二 (èr) and 两 (liăng)
But I'm curious to know why, and correct me if I'm wrong, this is the only number that has 2 forms.
A counterexample: in the Min Dong topolects, there is a similar distribution for the numeral "one", viz 一 and 蜀 (in Fuzhou, pronounced ék /ɛiʔ²⁴/ and siŏh /suoʔ⁵/ respectively). This is actually replicated across the other Min topolects (Min Nan has it vs chi̍t), although they are usually written with the same 一, especially in the Taiwan Ministry of Education standard for Taiwanese Hokkien. This comes from a well-known split between colloquial and literary pronunciations. For numbers above 10 however (11, 12, 21...) the literary pronunciations are generally used, even in counting before measure words.
Concentrating on the 二 vs 两 distinction: this seems to have emerged from Classical Chinese of the late Zhou, where it already had the meanings of "both/pair" (see the Analects), as well as starting to be a measure word for a chariot (see Mencius and the 詩經 Classic of Poetry). This is before most measure words have come into existence. Its use as a "tael" (measure of weight) is also ancient, but probably from a different derivation of the word (Min topolects have a separate pronunciation for this word).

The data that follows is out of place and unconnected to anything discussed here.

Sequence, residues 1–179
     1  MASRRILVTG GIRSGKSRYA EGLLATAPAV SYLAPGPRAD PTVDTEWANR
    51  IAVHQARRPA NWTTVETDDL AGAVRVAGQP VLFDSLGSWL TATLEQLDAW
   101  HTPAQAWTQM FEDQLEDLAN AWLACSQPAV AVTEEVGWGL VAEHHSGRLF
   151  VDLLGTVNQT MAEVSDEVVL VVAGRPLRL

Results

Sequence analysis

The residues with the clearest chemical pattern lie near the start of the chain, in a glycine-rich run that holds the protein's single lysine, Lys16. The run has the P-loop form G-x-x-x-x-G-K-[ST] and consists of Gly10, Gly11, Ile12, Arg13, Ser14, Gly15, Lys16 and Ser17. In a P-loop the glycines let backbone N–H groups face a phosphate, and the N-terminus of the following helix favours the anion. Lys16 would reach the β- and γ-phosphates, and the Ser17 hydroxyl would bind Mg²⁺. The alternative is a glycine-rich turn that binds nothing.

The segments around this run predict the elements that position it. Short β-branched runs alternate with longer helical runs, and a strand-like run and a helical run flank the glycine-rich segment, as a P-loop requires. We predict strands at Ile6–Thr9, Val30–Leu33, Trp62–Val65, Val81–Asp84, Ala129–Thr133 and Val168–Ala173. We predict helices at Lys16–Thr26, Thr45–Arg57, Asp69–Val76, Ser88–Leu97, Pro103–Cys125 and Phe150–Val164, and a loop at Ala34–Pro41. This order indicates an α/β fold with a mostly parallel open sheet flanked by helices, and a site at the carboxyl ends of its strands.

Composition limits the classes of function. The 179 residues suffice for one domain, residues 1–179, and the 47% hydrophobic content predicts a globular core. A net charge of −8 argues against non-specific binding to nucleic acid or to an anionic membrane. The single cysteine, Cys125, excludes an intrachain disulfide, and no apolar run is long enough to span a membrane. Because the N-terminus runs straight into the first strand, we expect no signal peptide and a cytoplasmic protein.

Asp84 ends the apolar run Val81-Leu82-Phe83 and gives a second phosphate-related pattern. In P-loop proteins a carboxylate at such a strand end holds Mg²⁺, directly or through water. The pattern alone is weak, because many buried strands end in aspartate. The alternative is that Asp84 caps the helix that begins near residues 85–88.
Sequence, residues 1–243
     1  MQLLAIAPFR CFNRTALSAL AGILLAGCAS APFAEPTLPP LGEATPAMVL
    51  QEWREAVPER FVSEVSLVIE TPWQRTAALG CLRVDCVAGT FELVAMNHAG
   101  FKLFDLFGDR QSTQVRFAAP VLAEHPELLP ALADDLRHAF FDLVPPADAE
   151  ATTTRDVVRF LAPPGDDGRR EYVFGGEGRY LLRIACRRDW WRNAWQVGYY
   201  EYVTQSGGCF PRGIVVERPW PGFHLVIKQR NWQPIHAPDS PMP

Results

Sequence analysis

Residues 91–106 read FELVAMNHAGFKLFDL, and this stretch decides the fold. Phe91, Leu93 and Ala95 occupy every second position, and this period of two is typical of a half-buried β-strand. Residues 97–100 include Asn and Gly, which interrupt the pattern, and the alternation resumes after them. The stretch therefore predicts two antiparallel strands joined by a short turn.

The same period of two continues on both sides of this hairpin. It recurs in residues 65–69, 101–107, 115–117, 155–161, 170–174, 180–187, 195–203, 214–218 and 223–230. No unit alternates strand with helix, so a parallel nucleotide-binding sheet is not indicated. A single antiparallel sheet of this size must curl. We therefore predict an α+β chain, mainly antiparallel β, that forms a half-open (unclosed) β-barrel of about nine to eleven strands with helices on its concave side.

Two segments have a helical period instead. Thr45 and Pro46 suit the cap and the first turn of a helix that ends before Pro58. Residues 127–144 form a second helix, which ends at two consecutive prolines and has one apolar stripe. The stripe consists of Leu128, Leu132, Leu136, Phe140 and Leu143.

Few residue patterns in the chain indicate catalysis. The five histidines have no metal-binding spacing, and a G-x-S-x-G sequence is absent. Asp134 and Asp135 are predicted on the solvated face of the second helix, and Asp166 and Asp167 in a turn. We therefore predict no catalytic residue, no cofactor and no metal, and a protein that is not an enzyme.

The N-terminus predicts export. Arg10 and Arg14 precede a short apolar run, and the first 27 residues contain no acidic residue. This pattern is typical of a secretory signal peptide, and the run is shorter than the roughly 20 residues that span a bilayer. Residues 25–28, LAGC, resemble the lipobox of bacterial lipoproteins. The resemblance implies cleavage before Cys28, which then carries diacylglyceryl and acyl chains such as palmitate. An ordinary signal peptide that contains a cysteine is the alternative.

So where did these two very different "twos" come from? "Pair" as a separate word to "two" is well-attested in many languages. But language change can bring such words together and cause them to change role. Here, it was likely the development of the measure word system through the Qin & Han dynasties to the Song dynasty, where numerical 二 came into a system (associated with nouns) that 两 (as pair) was already associating with. Hence in this case, 两 was already in the role and won out, whereas other numerals (including 12, 22 etc. with 二) took on the "measure word" role for the first time.